Maggie, Sheba and Hank -- the three dogs who were with Grant Kuenzli when he was shot and killed -- have been released by the Coconino County Attorney's Office and have been placed in new homes, according to a reliable source.
While neither Coconino County Attorney Roberta McVickers nor Arizona Animal Defense League of Arizona (ADLA) lawyer Stephanie Nichols-Young would return repeated phone calls, the Roundup has learned that Nichols-Young drafted the agreement that allowed the dogs to be placed in permanent homes. The agreement stipulates that the dogs be made available in the event they are needed for the second-degree murder trial of Harold Fish, the Valley man accused of gunning Kuenzli down May 11 when the dogs allegedly charged him at a remote trailhead south of Clint's Well.
Dennis Pugh, executive director of the Coconino County Humane Association, said he was told by McVickers not to talk about the dogs, but did say he was happy they had been released. The dogs went to the homes of three Payson residents, chosen from among many locals who volunteered to adopt the animals following the tragedy.
Maggie, a yellow Lab mix, was Kuenzli's own dog, while Sheba, a German shepherd mix, and Hank, a chow mix, were Payson Humane Society dogs that Kuenzli had taken to his campsite for an overnight visit. The three dogs were taken from the scene by a Coconino County animal control officer and housed in separate cages at a Flagstaff animal shelter. A group of Payson-area dog lovers organized to try and save the dogs and visited them on a regular basis.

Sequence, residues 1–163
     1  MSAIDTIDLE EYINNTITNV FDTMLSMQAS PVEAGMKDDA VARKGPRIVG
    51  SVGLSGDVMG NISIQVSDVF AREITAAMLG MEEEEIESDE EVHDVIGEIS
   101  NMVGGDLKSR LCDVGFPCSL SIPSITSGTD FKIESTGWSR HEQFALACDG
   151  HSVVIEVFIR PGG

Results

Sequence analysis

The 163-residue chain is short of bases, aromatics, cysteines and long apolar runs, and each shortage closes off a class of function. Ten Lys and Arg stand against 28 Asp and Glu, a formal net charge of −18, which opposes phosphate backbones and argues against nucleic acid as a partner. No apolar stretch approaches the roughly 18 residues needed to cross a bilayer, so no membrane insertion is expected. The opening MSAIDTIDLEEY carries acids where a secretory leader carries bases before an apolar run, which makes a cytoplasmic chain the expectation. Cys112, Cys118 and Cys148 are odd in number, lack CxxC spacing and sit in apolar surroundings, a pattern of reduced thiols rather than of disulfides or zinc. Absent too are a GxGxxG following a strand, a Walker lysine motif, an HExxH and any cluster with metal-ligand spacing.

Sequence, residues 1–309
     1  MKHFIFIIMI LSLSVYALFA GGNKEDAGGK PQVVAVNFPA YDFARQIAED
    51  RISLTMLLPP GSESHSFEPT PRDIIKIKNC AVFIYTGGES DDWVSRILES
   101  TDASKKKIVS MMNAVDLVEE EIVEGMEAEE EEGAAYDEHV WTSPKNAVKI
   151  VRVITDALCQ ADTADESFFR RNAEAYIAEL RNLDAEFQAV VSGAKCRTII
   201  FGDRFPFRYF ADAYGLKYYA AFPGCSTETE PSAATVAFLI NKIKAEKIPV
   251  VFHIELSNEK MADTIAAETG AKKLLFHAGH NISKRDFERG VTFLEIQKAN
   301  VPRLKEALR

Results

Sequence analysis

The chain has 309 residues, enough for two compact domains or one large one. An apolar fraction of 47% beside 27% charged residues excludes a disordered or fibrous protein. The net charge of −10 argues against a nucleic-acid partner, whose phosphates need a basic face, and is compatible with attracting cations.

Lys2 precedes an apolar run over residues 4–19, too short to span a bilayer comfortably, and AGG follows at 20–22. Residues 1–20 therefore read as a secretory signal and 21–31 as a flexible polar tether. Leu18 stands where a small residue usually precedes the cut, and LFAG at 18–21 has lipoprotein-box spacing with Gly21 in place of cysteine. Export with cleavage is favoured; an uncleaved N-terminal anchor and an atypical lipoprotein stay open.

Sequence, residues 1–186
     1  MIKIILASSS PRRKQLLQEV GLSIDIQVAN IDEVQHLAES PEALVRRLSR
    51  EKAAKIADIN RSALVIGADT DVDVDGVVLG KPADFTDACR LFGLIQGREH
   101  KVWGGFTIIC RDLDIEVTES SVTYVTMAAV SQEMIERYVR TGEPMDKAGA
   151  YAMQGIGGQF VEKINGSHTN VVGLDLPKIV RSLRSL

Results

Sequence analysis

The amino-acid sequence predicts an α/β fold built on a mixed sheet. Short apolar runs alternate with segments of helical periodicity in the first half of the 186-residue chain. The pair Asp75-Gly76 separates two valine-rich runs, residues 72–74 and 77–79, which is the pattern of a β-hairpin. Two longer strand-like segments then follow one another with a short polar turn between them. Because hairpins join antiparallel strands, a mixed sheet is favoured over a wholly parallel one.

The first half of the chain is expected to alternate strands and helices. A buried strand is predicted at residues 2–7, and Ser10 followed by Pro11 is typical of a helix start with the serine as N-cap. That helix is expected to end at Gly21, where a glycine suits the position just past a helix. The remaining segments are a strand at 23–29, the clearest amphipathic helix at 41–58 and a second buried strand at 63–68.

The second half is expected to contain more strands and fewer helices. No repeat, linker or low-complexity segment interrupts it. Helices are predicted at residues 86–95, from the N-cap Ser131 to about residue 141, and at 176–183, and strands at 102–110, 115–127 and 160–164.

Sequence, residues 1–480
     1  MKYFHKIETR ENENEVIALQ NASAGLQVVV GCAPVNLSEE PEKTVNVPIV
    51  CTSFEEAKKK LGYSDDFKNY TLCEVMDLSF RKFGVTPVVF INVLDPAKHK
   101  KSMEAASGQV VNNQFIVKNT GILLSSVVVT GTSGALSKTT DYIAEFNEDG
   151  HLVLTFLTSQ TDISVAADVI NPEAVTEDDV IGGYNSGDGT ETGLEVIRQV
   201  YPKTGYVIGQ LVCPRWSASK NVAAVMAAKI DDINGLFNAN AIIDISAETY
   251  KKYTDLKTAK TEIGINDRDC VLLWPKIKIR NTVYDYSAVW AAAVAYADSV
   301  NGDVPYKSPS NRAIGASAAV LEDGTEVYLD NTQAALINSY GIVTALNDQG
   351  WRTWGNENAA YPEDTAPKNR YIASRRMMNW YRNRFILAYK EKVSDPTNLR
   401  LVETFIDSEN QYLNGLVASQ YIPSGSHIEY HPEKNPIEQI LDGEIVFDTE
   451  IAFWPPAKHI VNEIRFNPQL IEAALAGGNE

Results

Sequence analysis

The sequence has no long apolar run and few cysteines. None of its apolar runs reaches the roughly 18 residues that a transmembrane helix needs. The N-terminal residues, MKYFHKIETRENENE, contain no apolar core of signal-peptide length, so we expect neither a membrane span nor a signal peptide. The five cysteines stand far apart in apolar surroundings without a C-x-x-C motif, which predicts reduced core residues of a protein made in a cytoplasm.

Although he was unmarked and uninjured, Fish claimed that he was acting in self defense after Kuenzli threatened to kill him.
There was concern that a judge could determine the dogs dangerous based on Fish's allegations and order them euthanized.
The names of the dogs' new owners are being withheld to protect the animals, but Maggie, Kuenzli's dog, was adopted by a couple in Strawberry, according to John McCauley, a close friend of Kuenzli's, who has followed developments in the case closely.
"I think it's fantastic," McCauley said of the dogs' release and adoption, "especially since they went to good homes, and they were checked out carefully by the (ADLA)."
Fish, who remains free, has pleaded not guilty to a charge of second degree murder.
A hearing scheduled for Monday in Coconino County Superior Court to determine release conditions was postponed until Sept. 27.